Memorial Tributes: Volume 27
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  • DONALD C. BERKEY (1919-2019)



    DONALD CLAYTON BERKEY, retired vice president and general manager, Energy, Systems and Technology Division, General Electric (GE), died Aug. 17, 2019, at age 99.

    Don was born on Dec. 14, 1919, in Somerset, Pennsylvania, to Levi Clayton and Bertha Edna (Manges) Berkey. He received a B.S. (1942) and an M.S. (1943) in mechanical engineering from the Massachusetts Institute of Technology (MIT). The day after graduation he married Doris Lillian MacGillivray. He went to work for GE Gas Turbine Division, where he was a cooperative engineering student throughout his college years.

    He started in the combustion research laboratory, where he contributed to the TG180, later designated as the J35, which was the United States’ first axial flow compressor jet engine. This engine marked the leading edge of the modern jet engine, that is, compressor, combustion, and high-pressure turbine. In 1950 he became manager of GE Power Plant Design & Combustion. In 1954 he moved to Aircraft Engines and headed the preliminary design of small aircraft engines. He managed design engineering for the T58 engine, culminating in successful testing in 1956, a landmark for high-performance helicopter propulsion. Don continued his pioneering work in the large jet engine department developing supersonic jet engines, including managing the J93 engine through its flight qualification test and the J79 engine to reliable Mach 2 flight status.

    As part of GE’s selection process, competitive preliminary design teams competed to define the next engine concept. From the U.S. Air Force requirements for a large capacity transport, GE established three teams to define a new high-bypass engine. Don headed the preliminary design team that proposed and received the go-ahead for the architecture of the first high-bypass engine — the TF39 with an unprecedented 8:1 bypass ratio. Don not only headed the competitive design team, but was also in charge of the demonstrator engine effort and the project that qualified the engine for flight.

    Don then became manager of advanced strategic technical plans development at Advanced Engines Engineering in GE’s facility in Lynn, Massachusetts. He directed the design of the T700, a unique axial centrifugal compressor engine. He led the development of the winning proposal for the J101, which became the F404 powering the Navy F18 fighter. Don left Advanced Engines Engineering in 1975 to become vice president and general manager of the Energy Systems & Technology Division ― Power Generation Group, where his work focused on advancing technologies for solar energy, coal, and nuclear power.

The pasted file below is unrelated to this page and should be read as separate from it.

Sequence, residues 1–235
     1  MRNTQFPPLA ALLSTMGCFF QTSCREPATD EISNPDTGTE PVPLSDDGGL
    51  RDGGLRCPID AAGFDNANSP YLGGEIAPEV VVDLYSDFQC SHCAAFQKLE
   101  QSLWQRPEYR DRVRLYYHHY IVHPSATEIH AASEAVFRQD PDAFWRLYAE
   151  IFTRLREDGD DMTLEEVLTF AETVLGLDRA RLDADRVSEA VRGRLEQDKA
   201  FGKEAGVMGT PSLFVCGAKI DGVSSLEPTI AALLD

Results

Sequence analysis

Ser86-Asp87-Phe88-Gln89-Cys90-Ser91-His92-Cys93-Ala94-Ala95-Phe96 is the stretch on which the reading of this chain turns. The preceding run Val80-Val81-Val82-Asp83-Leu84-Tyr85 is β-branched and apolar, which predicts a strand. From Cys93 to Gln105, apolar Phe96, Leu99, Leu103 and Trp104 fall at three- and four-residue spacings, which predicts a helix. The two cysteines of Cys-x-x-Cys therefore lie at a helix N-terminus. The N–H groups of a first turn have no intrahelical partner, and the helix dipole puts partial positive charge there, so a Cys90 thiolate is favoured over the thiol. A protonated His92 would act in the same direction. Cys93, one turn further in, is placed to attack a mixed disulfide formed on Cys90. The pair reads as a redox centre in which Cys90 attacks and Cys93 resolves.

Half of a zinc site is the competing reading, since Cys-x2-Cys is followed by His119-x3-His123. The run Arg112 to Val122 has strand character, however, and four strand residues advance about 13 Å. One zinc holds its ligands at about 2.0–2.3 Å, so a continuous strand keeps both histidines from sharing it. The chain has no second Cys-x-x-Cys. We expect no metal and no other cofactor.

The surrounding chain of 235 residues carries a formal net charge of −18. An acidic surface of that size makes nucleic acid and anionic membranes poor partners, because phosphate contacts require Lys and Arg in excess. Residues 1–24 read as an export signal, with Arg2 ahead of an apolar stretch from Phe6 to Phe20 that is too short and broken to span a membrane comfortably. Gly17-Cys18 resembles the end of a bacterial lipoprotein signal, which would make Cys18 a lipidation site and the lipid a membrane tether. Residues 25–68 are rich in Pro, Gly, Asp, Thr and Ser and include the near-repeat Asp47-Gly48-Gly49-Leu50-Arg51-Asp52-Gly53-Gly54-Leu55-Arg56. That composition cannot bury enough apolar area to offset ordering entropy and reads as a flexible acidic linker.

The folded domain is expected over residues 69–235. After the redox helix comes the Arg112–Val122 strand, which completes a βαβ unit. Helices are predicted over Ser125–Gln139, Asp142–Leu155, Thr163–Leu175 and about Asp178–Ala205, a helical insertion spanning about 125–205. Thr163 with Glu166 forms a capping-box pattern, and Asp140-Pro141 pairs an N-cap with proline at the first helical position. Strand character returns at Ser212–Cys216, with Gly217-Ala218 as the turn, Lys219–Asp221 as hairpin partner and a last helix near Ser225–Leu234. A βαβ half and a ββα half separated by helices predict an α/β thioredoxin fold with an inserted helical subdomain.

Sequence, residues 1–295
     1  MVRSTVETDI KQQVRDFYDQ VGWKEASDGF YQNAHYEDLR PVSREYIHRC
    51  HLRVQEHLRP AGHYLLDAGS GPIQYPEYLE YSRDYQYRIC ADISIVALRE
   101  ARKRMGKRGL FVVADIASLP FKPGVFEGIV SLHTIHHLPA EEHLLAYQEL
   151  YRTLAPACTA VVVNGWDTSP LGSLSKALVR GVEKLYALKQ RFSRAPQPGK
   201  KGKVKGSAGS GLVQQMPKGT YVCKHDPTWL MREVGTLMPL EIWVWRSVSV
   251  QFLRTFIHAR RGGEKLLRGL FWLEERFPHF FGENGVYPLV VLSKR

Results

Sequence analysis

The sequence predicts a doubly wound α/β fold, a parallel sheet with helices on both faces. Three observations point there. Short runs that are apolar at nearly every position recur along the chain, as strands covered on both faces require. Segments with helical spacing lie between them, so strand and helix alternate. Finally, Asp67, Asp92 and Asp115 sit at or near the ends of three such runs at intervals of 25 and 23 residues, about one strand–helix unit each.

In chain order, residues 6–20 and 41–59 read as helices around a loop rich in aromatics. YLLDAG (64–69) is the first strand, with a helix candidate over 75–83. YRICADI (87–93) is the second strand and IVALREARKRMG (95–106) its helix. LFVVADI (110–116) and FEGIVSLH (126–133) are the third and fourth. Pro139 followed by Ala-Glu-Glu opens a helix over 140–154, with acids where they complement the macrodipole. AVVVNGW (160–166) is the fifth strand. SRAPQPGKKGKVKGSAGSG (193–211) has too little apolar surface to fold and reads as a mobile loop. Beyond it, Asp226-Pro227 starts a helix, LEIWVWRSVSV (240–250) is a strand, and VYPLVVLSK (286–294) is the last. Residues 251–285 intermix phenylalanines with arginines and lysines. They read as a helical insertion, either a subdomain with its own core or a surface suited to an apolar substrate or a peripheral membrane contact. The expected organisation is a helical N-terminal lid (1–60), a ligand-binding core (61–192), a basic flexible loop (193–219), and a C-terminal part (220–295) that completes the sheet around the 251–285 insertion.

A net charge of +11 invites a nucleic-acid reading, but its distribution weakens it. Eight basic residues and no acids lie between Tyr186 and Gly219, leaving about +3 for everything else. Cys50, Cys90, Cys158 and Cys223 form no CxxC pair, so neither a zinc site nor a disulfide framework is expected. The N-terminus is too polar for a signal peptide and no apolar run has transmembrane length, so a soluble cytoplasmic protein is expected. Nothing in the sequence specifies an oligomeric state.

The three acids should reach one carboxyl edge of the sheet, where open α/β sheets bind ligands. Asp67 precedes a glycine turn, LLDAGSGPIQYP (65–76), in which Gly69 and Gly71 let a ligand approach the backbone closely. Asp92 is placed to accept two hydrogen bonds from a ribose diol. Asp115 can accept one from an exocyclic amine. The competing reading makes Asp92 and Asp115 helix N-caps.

Throughout his career, Don left his mark as a highly creative engineer and very competent business executive. His engineering prowess alone on the TF39 high-bypass engine configuration set the stage for the high-bypass fans of modern aviation products. He retired as a vice president of GE in 1982.

    His publications include “Design Features of a 5000-HP Gas Turbine”1 and “Combustion System for Burning Bunker ‘C’ Oil in a Gas Turbine.”2 He had six patents from 1951 to 1970, all relating to component and system designs for gas turbine engines.

    He was active as a fellow in the American Society of Mechanical Engineers (ASME). In the Society of Automotive Engineers, he was a fellow and chairman of the Technical Board, Board of Directors, and the Aerospace Council. He was a member of the American Helicopter Society and served on the Board of Directors of the Coordinating Research Council for the Aircraft Industries Association of America.

    In 1965 he was awarded the ASME/Gas Turbine Power Division Testimonial in Recognition of Advancement in the Art of Gas Turbines. In 1968 he was a co-winner of the American Institute of Aeronautics and Astronautics Goddard Memorial Award for “an outstanding contribution to aircraft propulsion through development of the high-bypass-ratio turbofan engine.” In 1979 Don was elected to membership in the National Academy of Engineering, and in 1985 he was inducted into the GE Propulsion Hall of Fame.

    Don and his wife Doris established a professorship in the McGovern Institute for Brain Research at MIT. In Don’s words, “I feel that MIT did a great thing for me. I appreciate the education I got there. I found that when I left the Institute and began to work in industry, I had a great background and was very proud of my education. We made this gift because it is important to give back.”

    Don and Doris enjoyed their retirement, alternating time in Cape Cod, Massachusetts, and in Naples, Florida. They enjoyed golfing, boating, and competitive duplicate bridge. They raised three sons: Donald K., John C., and Neil S. On Aug. 8, 2017, Doris preceded Don in death. They were married for 74 years.

    1Buckland BO, Berkey DC. 1952. Design features of a 5000-hp gas turbine. Transactions of the ASME 74(5):655-60.
    2Buckland BO, Berkey DC. 1948. Combustion system for burning bunker ‘C’ oil in a gas turbine. ASME Pre, 48-A-109.